Anecdotally, we hear that happens with some frequency. I recall seeing some data about this at a conference sometime in the last year, but I can’t find it. If someone has that info, please share.

An interesting finding of Gordon’s analysis is that bid protests really have little impact on the government in terms of delays. Few protests take the entire 100 days that GAO has to investigate and render a decision. Most decisions are made within 30 days.

The only contracts with significant delays are ones that are sustained, and the recommendation from GAO compels the agency to reopen the bidding and award decision process. Those delays are justified, according to Gordon, because GAO has found a violation of procurement laws and regulations.

I found Gordon’s argument that the benefits of protests outweigh the negatives to be compelling. He describes protests as a low-cost form of accountability, and says that they can increase the public confidence in the procurement system.

The current system also offers transparency because GAO publishes its protest decisions, and those decisions also provide guidance to contractors and agencies, particularly their legal teams.

I agree with most of Gordon’s points except for where he too quickly dismisses the increasing number. The fact that protests are growing at a faster rate than the market overall indicates a problem to me.

But read his paper and you be the judge.

Posted by Nick Wakeman on Jun 13, 2013 at 7:24 PM


Reader Comments

Please post your comments here. Comments are moderated, so they may not appear immediately after submitting. We will not post comments that we consider abusive or off-topic.

Please type the letters/numbers you see above

What is your e-mail address?

My e-mail address is:

Do you have a password?

Forgot your password? Click here
close
SEARCH
contracts DB

Trending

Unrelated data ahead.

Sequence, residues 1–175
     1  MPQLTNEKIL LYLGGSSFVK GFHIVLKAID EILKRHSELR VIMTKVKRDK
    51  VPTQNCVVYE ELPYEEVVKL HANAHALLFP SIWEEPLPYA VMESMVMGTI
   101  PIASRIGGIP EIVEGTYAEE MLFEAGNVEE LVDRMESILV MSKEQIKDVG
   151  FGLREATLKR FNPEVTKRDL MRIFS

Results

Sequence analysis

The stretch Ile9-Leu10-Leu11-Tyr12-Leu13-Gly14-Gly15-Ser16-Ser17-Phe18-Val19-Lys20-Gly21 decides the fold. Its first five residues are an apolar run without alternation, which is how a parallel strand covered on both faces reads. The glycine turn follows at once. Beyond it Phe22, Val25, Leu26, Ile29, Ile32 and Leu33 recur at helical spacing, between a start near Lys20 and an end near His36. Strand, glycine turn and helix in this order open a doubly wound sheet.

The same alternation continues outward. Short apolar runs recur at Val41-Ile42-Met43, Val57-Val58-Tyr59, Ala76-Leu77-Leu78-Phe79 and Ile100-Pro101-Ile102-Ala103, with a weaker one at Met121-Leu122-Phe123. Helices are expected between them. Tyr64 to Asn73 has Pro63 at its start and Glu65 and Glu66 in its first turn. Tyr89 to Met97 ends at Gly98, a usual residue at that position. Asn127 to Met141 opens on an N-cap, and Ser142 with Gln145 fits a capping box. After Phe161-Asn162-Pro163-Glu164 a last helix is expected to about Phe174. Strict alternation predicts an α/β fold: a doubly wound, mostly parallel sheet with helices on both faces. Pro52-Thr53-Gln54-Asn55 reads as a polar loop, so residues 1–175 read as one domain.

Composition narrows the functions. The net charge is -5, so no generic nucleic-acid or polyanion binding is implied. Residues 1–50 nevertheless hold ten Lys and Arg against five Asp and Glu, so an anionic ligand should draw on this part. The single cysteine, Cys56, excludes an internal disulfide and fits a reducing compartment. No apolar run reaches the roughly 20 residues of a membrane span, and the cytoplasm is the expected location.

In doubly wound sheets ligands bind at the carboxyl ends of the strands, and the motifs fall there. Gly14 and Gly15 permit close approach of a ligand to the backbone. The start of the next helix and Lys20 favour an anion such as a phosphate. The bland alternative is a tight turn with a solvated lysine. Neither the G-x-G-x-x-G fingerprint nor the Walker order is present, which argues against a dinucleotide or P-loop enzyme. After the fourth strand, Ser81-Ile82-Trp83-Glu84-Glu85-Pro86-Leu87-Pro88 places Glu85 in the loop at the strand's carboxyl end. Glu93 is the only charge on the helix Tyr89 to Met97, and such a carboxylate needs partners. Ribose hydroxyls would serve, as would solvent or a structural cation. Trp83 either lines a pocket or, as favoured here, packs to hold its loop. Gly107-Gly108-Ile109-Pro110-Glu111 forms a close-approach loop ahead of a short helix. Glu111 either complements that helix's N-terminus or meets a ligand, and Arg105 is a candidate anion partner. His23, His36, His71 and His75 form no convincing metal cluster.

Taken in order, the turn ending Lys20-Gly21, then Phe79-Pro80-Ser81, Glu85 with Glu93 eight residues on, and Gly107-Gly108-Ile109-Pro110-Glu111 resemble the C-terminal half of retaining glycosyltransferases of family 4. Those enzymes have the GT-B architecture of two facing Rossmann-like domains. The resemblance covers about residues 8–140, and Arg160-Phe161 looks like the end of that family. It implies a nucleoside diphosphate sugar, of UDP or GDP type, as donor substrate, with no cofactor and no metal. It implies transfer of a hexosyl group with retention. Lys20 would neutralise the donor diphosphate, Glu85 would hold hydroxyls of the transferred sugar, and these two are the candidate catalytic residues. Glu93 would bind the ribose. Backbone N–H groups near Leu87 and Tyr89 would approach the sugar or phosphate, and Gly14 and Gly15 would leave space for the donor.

• Dive into our Contract Award database

    In an exclusive for WT Insider members, we are collecting all of the contract awards we cover into a database that you can sort by contractor, agency, value and other parameters. You can also download it into a spreadsheet. Read More

  • Is SBA MIA on contractor fraud? Nick Wakeman

    Editor Nick Wakeman explores the puzzle of why SBA has been so silent on the latest contractor fraud scandal when it has been so quick to act in other cases. Read More

Webcasts

  • How Do You Support the Project Lifecycle?

    How do best-in-class project-based companies create and actively mature successful organizations? They find the right mix of people, processes and tools that enable them to effectively manage the project lifecycle. REGISTER for this webinar to hear how properly managing the cycle of capture, bid, accounting, execution, IPM and analysis will allow you to better manage your programs to stay on scope, schedule and budget. Learn More!

  • Sequestration, LPTA and the Top 100

    Join Washington Technology’s Editor-in-Chief Nick Wakeman as he analyzes the annual Top 100 list and reveals critical insights into how market trends have impacted its composition. You'll learn what movements of individual companies means and how the market overall is being impacted by the current budget environment, how the Top 100 rankings reflect the major trends in the market today and how the biggest companies in the market are adapting to today’s competitive environment. Learn More!